Povich Center Hosts Panel on Esports, Sports Gambling

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Povich Center Hosts Panel on Esports, Sports Gambling
Oct 4, 2019

By Ivan Torres

The Povich Center hosted a discussion about esports and sports gambling at Eaton Theatre in Knight Hall Oct. 3.

Journalism students engaged in dialogue about two of the fastest-growing areas in sports media with a diverse panel consisting off: journalist Margaret Engel, Washington Post esports editor Mike Hume, president & CEO of Lead1 Association Tom McMillen, SiriusXM producer Noah Niederhoffer and president of UMCP gaming Joel Yoo.

The discussion came on a day when Monumental Sports chairman and founder Ted Leonsis, announced partnerships with internationally known betting and gaming company, William Hill U.S., to create the first sportsbook at a professional sports venue in the country.

“I’m fascinated to see how it plays out,” Hume said. “It’s a big market that’s getting bigger by the day. The impact of having a brick-and-motor facility, inside a sports arena, is a landmark.”

Added Niederhoffer: “I think that gambling is fascinating. I believe that it is going to change the way we consume sports forever. Whether that is gambling from your seats or going to an establishment in a stadium.”

Although the panel spent most of the time dialed in on the benefits of sports gambling, they also talked about its pitfalls.

“If you look at European soccer and tennis, there are integrity issues with throwing games and point shaving,” McMillen said. “When you chase so much money and cross a line where people don’t believe in the integrity of the game, live sports can be irreparably damaged.”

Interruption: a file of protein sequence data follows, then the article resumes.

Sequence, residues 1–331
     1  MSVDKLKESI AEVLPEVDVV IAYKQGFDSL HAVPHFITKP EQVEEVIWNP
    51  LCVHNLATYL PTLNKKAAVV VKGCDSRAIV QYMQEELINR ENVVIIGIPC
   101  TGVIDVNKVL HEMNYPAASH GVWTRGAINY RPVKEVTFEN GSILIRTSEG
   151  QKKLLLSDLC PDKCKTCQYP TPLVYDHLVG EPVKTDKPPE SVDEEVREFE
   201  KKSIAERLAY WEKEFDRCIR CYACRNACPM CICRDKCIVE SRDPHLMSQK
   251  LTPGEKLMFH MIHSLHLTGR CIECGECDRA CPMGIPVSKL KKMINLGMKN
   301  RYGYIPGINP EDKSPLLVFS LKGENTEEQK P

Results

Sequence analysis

With the growing popularity of esports, these integrity issues are prominent there as well.

Yoo mentioned how esports and esports gambling is not regulated like mainstream sports and the profitability could ruin the social aspect of esports. He said, groups like the “Overwatch league,” help him make friends and build bonds with players from around the world. But players are now realizing they can make more money by streaming at home than competing on a traditional team.

The panel continued to elaborate on the negatives of esports, blaming them for decline of youth sport leagues and teenage health.

“The more time a child spends on a computer or looking at their mobile screen instead of being physically active, the greater our nation’s healthcare cost will be down the road,” McMillen said.

Engel added: “The aspect of playing games in your room, hours at a time, without properly eating or sleeping, is not beneficial.”

With all the good and bad of esports and sports gambling, the panel concluded that it’s imperative that journalist continue to investigate and stay on top of these trends. They will soon be integrated into the industry.

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